W3C says no to Google and Mozilla on decentralized identity

The DID (Decentralized Identifiers) specification will move to the W3C recommendation stage in early August, despite opposition from Google and Mozilla.

When a technical standard is established, should the methods on which it can be based be standardised, in parallel? Google and Mozilla, among others, have advanced the argument against the W3C… without success.

The context ? Development of the DID (Decentralized Identifiers) specification. At the beginning of August, this will become a recommendation, marking the final stage of its ratification process. Thus the W3C decided last week, dismissing at the same time the objections of Google and Mozilla.

The specification paves the way for “decentralized” identities. Which, broadly, will have the following characteristics:

– Independent of any central transmitter
– Persistent (no functional dependency on any organization)
– Cryptographically authenticated
– Associated with metadata

These identities take the form of a URI to which a method is applied to obtain a “document”. This contains information that the owner of the identity can choose to communicate selectively to the services to which he wishes to connect.

The specification does not presuppose any technology. It leaves the door open to DLTs, decentralized file systems, distributed databases, P2P networks, etc.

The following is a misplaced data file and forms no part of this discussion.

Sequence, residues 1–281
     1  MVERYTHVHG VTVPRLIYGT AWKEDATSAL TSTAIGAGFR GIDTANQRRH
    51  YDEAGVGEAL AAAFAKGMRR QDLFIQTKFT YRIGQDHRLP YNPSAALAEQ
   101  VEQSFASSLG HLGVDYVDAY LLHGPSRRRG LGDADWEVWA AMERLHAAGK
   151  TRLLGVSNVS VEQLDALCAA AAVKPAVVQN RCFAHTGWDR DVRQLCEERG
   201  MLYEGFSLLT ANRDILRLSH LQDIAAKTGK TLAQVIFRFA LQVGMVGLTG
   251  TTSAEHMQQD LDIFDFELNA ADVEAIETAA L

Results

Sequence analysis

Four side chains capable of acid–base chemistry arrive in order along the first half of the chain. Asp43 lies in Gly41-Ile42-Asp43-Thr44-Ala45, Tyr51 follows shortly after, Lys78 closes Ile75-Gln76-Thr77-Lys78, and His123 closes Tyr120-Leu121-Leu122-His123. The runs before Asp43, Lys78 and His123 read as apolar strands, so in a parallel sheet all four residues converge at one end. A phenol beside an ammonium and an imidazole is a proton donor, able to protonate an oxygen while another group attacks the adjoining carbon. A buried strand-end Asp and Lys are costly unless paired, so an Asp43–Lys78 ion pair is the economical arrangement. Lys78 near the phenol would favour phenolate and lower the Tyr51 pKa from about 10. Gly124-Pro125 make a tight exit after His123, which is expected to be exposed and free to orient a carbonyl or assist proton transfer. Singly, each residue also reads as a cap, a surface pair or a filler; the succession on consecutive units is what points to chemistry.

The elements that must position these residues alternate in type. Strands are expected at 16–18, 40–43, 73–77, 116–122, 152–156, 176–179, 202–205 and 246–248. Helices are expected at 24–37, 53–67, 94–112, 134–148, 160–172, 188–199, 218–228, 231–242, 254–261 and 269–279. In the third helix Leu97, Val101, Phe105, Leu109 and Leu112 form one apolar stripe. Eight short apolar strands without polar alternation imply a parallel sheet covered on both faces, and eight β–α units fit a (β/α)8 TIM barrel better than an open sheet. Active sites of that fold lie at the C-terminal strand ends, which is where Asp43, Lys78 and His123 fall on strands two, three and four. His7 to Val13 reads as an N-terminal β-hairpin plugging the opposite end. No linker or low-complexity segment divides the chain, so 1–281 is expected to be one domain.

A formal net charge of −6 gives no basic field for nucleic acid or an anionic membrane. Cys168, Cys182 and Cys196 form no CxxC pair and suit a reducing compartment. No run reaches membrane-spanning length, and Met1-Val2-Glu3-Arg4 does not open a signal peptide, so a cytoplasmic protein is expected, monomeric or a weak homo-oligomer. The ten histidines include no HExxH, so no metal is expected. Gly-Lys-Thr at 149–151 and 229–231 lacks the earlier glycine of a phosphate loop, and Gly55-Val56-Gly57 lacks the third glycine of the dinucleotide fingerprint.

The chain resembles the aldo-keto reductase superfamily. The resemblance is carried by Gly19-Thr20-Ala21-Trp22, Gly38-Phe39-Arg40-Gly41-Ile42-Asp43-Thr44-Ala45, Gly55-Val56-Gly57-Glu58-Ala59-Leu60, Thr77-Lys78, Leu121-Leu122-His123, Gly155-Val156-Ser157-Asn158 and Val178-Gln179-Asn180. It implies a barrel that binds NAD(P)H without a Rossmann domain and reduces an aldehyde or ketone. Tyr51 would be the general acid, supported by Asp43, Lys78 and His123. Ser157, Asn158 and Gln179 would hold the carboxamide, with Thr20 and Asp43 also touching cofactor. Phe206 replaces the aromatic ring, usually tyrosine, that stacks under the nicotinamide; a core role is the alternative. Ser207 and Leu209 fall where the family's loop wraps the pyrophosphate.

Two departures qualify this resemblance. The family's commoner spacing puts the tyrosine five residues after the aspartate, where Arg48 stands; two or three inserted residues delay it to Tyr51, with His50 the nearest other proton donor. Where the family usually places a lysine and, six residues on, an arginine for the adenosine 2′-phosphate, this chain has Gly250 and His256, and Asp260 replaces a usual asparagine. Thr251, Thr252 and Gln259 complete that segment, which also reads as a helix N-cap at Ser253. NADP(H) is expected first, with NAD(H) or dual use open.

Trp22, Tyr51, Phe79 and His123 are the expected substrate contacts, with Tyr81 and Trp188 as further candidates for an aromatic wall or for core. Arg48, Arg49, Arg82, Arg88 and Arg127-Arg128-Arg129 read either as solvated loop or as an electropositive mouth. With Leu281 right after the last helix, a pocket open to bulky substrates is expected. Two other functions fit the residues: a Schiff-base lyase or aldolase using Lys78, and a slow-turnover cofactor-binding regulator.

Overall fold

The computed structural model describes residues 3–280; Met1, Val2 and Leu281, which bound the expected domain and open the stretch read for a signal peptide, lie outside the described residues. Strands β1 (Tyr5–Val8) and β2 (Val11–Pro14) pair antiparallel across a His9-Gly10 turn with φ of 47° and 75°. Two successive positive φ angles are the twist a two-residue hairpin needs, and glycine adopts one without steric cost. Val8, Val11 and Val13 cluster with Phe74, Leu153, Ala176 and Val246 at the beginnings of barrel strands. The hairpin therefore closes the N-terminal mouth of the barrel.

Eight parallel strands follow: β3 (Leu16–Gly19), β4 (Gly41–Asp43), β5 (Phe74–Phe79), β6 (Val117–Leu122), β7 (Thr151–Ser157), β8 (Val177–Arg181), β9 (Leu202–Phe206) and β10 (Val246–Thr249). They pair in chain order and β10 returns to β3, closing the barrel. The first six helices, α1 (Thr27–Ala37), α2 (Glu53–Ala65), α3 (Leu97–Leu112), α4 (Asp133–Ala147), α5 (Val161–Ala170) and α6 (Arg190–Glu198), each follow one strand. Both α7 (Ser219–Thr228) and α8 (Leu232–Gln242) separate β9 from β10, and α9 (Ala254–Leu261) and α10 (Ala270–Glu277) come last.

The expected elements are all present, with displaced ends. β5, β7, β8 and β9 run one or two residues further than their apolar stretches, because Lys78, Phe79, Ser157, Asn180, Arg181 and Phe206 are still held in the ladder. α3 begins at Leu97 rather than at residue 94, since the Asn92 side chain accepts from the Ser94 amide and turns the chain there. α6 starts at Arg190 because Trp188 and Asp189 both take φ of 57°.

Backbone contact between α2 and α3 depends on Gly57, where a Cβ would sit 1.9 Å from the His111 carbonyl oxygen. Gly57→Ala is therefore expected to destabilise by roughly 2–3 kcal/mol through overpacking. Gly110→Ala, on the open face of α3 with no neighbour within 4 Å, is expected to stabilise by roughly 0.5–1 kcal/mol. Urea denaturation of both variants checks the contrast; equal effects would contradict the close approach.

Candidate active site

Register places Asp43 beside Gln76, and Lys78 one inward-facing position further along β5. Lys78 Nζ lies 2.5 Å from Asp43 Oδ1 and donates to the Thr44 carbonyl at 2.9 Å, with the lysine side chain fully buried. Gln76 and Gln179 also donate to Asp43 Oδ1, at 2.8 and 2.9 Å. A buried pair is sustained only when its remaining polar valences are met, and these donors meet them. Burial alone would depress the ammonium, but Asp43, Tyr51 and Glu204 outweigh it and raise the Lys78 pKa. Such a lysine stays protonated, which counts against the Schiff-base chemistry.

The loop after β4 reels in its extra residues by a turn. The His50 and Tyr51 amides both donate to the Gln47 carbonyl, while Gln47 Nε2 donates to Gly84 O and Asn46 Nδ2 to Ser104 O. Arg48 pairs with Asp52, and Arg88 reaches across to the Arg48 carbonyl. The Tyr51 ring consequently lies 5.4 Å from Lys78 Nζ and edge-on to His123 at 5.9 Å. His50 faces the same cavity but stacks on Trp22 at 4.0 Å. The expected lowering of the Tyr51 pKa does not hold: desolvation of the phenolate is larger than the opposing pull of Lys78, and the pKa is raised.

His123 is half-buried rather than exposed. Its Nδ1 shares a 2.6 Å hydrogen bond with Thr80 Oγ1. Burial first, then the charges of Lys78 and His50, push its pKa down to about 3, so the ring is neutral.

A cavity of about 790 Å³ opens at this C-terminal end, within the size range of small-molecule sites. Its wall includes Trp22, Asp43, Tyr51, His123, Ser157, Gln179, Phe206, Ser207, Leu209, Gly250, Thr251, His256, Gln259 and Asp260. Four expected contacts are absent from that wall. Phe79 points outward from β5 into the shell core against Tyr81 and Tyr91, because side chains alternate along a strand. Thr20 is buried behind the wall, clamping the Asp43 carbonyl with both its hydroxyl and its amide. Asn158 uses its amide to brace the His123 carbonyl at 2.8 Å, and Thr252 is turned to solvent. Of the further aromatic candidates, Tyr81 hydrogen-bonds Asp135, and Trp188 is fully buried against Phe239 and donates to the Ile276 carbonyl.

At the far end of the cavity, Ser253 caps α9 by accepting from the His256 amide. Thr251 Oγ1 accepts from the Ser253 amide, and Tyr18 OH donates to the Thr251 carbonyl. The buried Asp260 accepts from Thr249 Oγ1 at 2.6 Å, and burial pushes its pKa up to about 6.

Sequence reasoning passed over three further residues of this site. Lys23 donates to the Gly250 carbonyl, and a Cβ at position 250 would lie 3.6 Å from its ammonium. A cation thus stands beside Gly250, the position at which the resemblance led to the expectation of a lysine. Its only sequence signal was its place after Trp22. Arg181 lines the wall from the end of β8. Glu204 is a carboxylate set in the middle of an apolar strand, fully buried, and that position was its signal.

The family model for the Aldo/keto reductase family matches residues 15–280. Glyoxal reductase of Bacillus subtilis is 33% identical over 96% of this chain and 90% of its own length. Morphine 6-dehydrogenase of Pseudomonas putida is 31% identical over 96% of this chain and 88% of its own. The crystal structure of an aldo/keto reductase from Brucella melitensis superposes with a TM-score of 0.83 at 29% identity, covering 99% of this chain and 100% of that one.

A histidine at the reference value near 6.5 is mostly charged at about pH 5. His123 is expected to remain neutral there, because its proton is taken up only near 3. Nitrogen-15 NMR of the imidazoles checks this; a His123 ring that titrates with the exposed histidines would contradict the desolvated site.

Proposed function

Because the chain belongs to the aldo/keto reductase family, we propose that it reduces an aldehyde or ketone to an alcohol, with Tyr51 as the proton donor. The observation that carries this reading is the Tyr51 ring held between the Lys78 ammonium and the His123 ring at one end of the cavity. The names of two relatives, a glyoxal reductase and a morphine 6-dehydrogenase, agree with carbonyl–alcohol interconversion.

Voices – including those of Google and Mozilla – have been raised on this subject. With in particular a fear: that certain methods, in particular those based on a single server, tend towards centralization.

More generally, critics of the specification point to its lack of interoperability in practice. In absolute terms, the W3C lists more than 50 methods declared to be compliant… but effectively devoid of implementations. A volume which, moreover, encourages the development of additional methods rather than clinging to one of those listed, in the opinion of Microsoft.

The W3C learns from the past

What do Mozilla et al advise? Proceed as when we had standardized the URLs or the img tag. In the first case, a range of methods had been standardized in parallel. In the second, the image formats used existed a priori. And to add: impossible to make an impact on a specification without doing the same on the methods it will use.

Another element pointed out: the cost, particularly environmental, of methods involving consensus mechanisms of the type proof-of-work.

The reasoning of the W3C can be summarized as follows:

– The discussions showed that it would be more complicated to agree on specific methods than on a common basis

– The number of methods deemed compliant proves the relevance of this base

– History has shown it with many Internet standards: initiating work leads to improvements

– Going forward by adopting a recommendation will motivate developers to start this work

– Questions about decentralization and its costs are not enough to offset the benefit of moving to the recommendation stage

Illustration photo © bluebay – Shutterstock

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